Typically, right of way is acquired five or six years before the opening date of the freeway to be built there. If a freeway is scheduled to be completed in, say, 2010, the land for it will not even be purchased until around 2005. Irvine says that trying to predict what the value of a property will be ten years in advance, by using sales data from today, is futile.

At least, he says, it's futile the way ADOT is trying to do it.
"It's just not a very good indicator," he says. "You tell me what IBM's gonna be on the stock market a week from Monday. They've created a phony sense of accuracy."

Overshadowed by high-profile races for governor and the U.S. Senate, the debate over Proposition 400, so far, at least, has been conducted in generalities and on a playing field that's anything but level.

On the pro-400 side is the Committee for Clean Air and Balanced Transportation, which describes itself as a "grassroots" organization. The committee, however, boasts a contributor's list that reads like a who's who of big Valley business. Bank One kicked in $75,000, as did Arizona Public Service Company. Blue Cross and Blue Shield of Arizona ponied up $50,000. So did First Interstate Bank.

Phoenix Newspapers, Inc., tossed in a whopping $100,000--then asked for and received a $25,000 refund. In addition, PNI's newspapers, the Arizona Republic and Phoenix Gazette, have run a spate of editorials praising the glories of Prop 400 and all the freeways it will build.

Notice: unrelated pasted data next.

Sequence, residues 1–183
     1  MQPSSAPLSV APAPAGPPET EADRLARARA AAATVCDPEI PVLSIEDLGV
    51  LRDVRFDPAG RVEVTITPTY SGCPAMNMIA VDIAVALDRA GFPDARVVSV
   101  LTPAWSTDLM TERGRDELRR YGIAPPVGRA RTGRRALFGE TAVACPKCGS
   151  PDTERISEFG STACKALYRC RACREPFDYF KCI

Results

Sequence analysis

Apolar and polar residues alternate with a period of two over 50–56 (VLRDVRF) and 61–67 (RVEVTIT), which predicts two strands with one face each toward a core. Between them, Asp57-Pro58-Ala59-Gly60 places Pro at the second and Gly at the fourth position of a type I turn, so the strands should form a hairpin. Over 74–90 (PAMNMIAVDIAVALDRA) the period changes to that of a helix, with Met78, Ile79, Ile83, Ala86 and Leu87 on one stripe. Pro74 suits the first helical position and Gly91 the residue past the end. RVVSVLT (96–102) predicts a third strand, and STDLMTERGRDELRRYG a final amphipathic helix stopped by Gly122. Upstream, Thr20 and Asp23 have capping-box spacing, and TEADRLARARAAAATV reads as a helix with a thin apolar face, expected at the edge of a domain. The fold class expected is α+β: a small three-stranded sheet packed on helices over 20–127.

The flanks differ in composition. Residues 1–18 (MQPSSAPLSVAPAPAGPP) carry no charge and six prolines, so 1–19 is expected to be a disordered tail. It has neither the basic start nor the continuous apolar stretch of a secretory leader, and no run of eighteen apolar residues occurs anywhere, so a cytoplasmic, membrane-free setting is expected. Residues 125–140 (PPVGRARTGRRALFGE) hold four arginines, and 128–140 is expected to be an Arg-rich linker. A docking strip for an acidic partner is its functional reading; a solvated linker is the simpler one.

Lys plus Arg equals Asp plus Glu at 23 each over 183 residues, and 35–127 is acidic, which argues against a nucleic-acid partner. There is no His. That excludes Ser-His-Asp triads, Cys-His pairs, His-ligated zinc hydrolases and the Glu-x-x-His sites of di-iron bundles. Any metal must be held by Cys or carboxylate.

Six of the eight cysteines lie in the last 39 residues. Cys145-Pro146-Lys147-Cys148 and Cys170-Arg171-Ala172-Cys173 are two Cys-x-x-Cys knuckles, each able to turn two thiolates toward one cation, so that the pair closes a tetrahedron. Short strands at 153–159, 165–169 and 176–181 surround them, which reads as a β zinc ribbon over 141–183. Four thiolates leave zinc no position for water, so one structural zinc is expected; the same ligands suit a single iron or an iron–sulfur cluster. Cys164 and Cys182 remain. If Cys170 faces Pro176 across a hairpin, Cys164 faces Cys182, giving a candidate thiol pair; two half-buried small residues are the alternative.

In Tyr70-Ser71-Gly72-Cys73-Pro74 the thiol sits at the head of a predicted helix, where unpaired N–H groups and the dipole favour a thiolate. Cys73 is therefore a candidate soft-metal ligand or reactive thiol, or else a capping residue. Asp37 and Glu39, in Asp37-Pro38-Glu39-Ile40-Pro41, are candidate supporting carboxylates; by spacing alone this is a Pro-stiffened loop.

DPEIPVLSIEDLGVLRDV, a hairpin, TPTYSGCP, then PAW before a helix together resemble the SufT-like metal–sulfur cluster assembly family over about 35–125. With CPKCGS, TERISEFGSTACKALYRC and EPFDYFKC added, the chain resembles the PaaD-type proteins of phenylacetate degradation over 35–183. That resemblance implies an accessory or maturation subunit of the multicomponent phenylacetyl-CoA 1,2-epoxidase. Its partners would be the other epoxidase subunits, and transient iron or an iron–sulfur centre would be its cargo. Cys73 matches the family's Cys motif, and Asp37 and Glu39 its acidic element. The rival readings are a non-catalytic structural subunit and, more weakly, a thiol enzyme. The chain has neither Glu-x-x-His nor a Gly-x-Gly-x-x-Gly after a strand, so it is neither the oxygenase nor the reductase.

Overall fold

News stories in those dailies have done little but recount the general positions of those opposing or supporting the proposition. Research, and the specifics that might help voters determine whether ADOT and MAG have cleaned up their acts, have been notably missing from those news pages.

Jane White, meanwhile, has been busy with Reform Before Taxes, a shoestring-budget group that has pushed the notion that MAG and ADOT procedures need to be changed before any new taxes are approved.

So far, White and company have collected less than $2,000. It's not much, she says, but it's a start.

After a long, fruitless search, she and her fellow crusaders have gotten office space. The phones in the new space ring off the hook, but none of the calls are from the Committee for Clean Air and Balanced Transportation.

So far, the freeway-tax backers have refused to publicly debate her, or anyone else, on the issue.